she loved her spotted dick(i'll leave you to figure that one yourselves!!! wink.gif ), then there was always bangers and mash.....treacle pie was another


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Aaediwen 
Posted: 21-Aug-2006, 06:50 PM
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That's another one I've been wondering about since I first heard the Castles of Gold CD.

What on God's Green Earth is Treacle??????????????? Best I can figure by context on that CD is some kind of jam or preserves.


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Dogshirt 
Posted: 21-Aug-2006, 06:57 PM
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Treacle is molasses.Another difference!


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Aaediwen 
Posted: 21-Aug-2006, 07:43 PM
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ohh, ok. thanks. smile.gif

Not something I'll be running out to find, personally. Never been a fan of the stuff. It's neat to watch being made though.
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stoirmeil 
Posted: 21-Aug-2006, 07:57 PM
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There's different weights of it. The really heavy dark stuff is bitter and strange. It adds something indefinable bue necessary to the flavor of other things, though. I wouldn't make a bran muffin without it.

There's "cookie" and "biscuit" too. To me, a biscuit is a short dough kind of bread, not a sweet.
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Dogshirt 
Posted: 21-Aug-2006, 09:31 PM
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And a truck is a lorry. Never figured that one out.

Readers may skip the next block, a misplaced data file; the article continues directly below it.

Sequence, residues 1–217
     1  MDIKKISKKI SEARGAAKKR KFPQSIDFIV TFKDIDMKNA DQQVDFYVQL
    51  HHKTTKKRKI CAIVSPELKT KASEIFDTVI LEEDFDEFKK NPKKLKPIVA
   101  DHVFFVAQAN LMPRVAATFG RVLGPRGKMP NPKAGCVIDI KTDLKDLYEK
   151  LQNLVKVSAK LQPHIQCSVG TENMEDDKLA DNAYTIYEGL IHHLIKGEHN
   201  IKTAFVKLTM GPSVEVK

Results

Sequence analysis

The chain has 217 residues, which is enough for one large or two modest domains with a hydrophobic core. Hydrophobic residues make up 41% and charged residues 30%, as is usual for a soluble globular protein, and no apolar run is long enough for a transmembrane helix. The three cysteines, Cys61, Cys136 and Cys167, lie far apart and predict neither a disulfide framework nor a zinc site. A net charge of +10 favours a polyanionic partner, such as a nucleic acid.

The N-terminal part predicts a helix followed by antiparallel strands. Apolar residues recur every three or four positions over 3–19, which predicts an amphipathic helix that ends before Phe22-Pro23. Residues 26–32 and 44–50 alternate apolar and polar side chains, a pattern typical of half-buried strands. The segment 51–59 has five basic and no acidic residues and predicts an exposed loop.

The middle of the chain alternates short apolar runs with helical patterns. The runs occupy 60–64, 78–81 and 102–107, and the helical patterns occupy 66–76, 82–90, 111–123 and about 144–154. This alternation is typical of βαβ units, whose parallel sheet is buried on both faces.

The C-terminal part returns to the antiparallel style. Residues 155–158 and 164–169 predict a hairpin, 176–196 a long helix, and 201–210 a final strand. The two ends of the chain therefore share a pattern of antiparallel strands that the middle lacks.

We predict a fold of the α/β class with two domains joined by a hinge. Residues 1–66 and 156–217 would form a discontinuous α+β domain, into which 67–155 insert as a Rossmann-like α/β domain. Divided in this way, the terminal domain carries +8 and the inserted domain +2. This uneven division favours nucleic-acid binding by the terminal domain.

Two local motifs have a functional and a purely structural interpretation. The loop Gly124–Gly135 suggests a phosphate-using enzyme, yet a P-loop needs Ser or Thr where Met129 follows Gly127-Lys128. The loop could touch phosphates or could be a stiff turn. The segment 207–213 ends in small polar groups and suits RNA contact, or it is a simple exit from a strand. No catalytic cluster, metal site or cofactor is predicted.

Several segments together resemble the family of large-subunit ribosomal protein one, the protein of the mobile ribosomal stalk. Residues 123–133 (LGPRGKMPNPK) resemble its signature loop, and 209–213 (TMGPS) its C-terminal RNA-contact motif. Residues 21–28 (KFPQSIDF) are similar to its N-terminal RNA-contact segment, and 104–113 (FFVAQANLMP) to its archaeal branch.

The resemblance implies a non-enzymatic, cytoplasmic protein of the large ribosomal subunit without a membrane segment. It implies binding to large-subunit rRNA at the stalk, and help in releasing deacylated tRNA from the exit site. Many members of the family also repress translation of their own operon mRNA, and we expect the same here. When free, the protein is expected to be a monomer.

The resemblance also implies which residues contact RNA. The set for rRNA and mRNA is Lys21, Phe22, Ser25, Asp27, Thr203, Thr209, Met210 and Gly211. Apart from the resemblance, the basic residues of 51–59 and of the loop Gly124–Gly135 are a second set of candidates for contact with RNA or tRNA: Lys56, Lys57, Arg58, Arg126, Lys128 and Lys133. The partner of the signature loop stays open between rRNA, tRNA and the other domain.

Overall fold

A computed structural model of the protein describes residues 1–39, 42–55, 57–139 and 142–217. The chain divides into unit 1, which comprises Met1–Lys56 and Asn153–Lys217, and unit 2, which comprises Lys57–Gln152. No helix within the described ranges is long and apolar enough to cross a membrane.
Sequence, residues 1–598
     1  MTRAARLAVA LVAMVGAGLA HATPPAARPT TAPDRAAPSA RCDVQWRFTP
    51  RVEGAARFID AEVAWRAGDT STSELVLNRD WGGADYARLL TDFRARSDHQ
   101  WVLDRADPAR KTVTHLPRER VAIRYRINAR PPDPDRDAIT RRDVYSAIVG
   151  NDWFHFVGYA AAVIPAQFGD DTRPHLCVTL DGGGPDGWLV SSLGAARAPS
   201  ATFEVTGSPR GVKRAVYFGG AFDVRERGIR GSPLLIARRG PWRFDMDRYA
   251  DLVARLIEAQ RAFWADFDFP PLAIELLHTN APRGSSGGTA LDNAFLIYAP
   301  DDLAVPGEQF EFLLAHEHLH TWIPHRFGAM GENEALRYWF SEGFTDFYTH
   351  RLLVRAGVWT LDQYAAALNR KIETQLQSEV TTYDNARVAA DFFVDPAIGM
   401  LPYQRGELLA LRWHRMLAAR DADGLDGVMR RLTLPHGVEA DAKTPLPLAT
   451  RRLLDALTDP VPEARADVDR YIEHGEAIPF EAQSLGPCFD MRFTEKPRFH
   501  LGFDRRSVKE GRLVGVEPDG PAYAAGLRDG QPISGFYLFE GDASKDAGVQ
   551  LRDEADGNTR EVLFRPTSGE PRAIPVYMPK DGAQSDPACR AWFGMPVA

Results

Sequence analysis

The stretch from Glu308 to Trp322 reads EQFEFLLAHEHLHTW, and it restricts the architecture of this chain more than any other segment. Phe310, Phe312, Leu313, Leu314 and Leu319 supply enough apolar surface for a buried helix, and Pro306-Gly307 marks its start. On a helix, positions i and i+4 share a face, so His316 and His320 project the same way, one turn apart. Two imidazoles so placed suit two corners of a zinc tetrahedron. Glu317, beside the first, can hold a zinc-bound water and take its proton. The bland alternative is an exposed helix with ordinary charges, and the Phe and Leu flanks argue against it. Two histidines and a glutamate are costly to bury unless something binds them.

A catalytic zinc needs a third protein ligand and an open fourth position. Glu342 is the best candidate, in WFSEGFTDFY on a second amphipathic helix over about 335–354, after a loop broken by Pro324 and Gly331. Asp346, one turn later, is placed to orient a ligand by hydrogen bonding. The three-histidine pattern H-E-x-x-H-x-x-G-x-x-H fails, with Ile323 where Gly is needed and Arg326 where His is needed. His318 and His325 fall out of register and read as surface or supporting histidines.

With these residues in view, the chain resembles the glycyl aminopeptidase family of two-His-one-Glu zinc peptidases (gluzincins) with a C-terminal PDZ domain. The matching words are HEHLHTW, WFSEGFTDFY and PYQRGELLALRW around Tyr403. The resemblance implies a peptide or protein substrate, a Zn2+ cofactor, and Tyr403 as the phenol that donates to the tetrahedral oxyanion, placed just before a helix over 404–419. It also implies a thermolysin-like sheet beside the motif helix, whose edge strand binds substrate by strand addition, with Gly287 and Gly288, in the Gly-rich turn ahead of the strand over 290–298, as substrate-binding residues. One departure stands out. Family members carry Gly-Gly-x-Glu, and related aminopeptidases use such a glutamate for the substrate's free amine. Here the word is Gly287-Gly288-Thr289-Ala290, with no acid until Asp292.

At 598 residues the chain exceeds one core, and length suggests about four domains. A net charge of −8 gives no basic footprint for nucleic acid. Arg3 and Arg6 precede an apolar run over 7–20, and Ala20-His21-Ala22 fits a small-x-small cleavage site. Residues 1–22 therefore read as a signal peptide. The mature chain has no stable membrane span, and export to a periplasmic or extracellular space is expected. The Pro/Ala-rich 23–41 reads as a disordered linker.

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Raven 
Posted: 21-Aug-2006, 09:44 PM
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This may be Scottish specific

UK - US
Baffies - Slippers


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Robert Phoenix 
Posted: 21-Aug-2006, 10:53 PM
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Friends of mine were discussing language barriers over at another forum. One of our members who is actually from England sent us this.

Of course if you want a bit of fun how about this for language..
see if you can translate without looking it up or googling it!

The old trouble and strife went down the frog and toad in the jam jar, and upon returning went straight up the apples and pears to sheet street blanket hill..I was relieved I can tell you!


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Dogshirt 
Posted: 22-Aug-2006, 12:06 AM
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The wife went down the road in the car. When she got back, went straight up the stairs to bed.

How close did I get?


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zeryx 
Posted: 22-Aug-2006, 01:06 AM
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Just about spot on Ed biggrin.gif it's not general language over here but Cockney rhyming slang.

Treacle is the dark black stuff that we buy here - there is also a lighter one called Golden Syrup (yummy with your oats!) I've got both in my cupboard smile.gif

Raven - yes baffies are slippers and it is a Scottish word.

The subject of Scottish dialect and words is a totally different topic!! lol.gif but you may enjoy browsing this site!
http://www.firstfoot.com/php/glossary/phpg...ex.php?letter=*